After four rounds, I decided I wanted to meet the Gadol I was corresponding with. I went to Bnei Brak, arrived after Maariv and waited in line at the kabbalas hakahal. When I finally reached Rav Chaim, he asked me my name. When I replied “Tieger,” he said, “Which Tieger? From the letters?” After I confirmed, he immediately said, “Sit down.” I marvel at it now, because Rav Chaim never asked people for their names.
How did you cultivate the relationship with Rav Chaim, and what was it like to work one-on-one with someone of his stature?
If you wanted to develop a relationship with Rav Chaim, it had to be based on Torah. I started by presenting him with around five tikkunim and he’aros that I found in his sefarim, then 10. They included things like discrepancies between writing an alef in one place and a beis elsewhere. He mamash liked the kind of he’aros I brought him, even though I wasn’t the only one to do so.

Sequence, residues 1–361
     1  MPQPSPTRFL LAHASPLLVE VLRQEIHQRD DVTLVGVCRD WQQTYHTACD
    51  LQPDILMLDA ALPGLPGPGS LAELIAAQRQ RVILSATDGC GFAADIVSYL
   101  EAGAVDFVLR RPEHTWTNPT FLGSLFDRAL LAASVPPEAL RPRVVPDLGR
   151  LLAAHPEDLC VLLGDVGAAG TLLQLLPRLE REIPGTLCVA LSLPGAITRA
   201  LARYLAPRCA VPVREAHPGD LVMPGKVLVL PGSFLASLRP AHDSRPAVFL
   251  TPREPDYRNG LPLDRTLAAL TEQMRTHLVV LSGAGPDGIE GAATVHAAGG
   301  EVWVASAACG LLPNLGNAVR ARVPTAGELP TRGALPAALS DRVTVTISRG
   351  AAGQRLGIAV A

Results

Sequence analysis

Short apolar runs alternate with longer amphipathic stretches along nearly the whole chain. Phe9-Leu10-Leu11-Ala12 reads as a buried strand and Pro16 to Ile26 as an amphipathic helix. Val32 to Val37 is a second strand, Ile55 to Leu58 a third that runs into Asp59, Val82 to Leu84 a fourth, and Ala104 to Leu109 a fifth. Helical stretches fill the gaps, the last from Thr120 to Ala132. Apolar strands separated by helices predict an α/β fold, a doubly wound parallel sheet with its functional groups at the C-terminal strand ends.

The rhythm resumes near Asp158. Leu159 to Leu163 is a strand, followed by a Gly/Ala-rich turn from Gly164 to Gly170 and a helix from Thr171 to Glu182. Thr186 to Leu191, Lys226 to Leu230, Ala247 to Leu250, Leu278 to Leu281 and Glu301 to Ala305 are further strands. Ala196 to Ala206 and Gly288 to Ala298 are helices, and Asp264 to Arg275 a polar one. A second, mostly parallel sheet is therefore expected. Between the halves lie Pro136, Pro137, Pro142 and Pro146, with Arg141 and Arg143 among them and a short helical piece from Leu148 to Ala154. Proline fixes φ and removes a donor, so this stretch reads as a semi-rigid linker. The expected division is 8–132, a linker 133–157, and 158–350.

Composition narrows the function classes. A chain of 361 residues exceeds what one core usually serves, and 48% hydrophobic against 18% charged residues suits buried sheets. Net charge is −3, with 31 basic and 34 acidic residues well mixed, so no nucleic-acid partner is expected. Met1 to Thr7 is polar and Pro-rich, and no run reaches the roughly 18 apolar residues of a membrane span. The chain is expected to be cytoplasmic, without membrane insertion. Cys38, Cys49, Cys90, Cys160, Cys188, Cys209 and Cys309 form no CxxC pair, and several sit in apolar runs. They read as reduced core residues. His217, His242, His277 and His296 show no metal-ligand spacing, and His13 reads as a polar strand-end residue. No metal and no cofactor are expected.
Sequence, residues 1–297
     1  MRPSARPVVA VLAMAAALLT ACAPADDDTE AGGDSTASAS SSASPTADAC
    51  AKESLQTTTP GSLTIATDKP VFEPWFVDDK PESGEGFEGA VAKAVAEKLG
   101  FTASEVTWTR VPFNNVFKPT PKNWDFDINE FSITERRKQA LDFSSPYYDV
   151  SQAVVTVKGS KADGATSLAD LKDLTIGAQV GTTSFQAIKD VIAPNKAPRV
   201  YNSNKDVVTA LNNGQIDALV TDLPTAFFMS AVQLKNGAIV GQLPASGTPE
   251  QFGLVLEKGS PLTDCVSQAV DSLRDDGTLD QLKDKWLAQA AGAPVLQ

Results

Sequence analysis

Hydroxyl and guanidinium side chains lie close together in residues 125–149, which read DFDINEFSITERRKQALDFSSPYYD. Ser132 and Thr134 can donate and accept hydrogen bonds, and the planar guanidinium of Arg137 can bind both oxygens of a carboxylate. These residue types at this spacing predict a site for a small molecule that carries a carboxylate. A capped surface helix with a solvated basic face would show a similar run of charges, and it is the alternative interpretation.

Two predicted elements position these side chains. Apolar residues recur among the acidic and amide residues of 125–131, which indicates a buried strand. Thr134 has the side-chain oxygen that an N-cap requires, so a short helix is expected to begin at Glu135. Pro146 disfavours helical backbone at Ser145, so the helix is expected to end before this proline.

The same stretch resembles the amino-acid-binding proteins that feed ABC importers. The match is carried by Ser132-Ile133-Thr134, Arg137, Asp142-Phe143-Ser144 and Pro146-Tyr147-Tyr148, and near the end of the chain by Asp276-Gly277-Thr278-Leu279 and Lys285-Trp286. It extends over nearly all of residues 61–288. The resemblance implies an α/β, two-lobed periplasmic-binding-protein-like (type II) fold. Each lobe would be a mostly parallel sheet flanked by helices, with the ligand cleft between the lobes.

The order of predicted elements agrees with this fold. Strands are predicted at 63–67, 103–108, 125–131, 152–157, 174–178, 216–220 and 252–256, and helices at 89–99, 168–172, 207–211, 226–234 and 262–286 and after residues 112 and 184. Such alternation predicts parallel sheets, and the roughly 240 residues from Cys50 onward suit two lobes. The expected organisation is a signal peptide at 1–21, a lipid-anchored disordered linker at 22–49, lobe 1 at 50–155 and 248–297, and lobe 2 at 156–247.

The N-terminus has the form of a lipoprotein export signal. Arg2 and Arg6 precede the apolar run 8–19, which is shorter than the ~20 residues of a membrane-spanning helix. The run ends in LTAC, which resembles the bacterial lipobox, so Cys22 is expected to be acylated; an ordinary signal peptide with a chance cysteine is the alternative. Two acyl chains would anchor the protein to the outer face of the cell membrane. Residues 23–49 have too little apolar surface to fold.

Baruch Hashem, the relationship with him grew stronger, until I would come to him with 20 corrections, then 30. After a while he told me not to come during kabbalas hakahal but instead arranged a special time when we sat together on the third floor. Eventually, I consulted with him on my own sefarim. I had an open door, so I used it.
Why were there so many corrections required in the sefarim?
Every sefer needs mazel to be printed properly. It was not Rav Chaim’s fault, but he didn’t have the right proofreader. After a sefer is printed, there are many errors that need to be fixed. Not just marei mekomos or printing errors but also he’aros and stiros and such. I put out a sefer called Nezer Hachaim, consisting entirely of he’aros on Rav Chaim’s sefer Derech Emunah.
I asked Rav Chaim a few times how in one place he writes one thing, and in another he writes the opposite. He answered that 20 or 30 years could elapse from writing one sefer to another, and he couldn’t remember everything.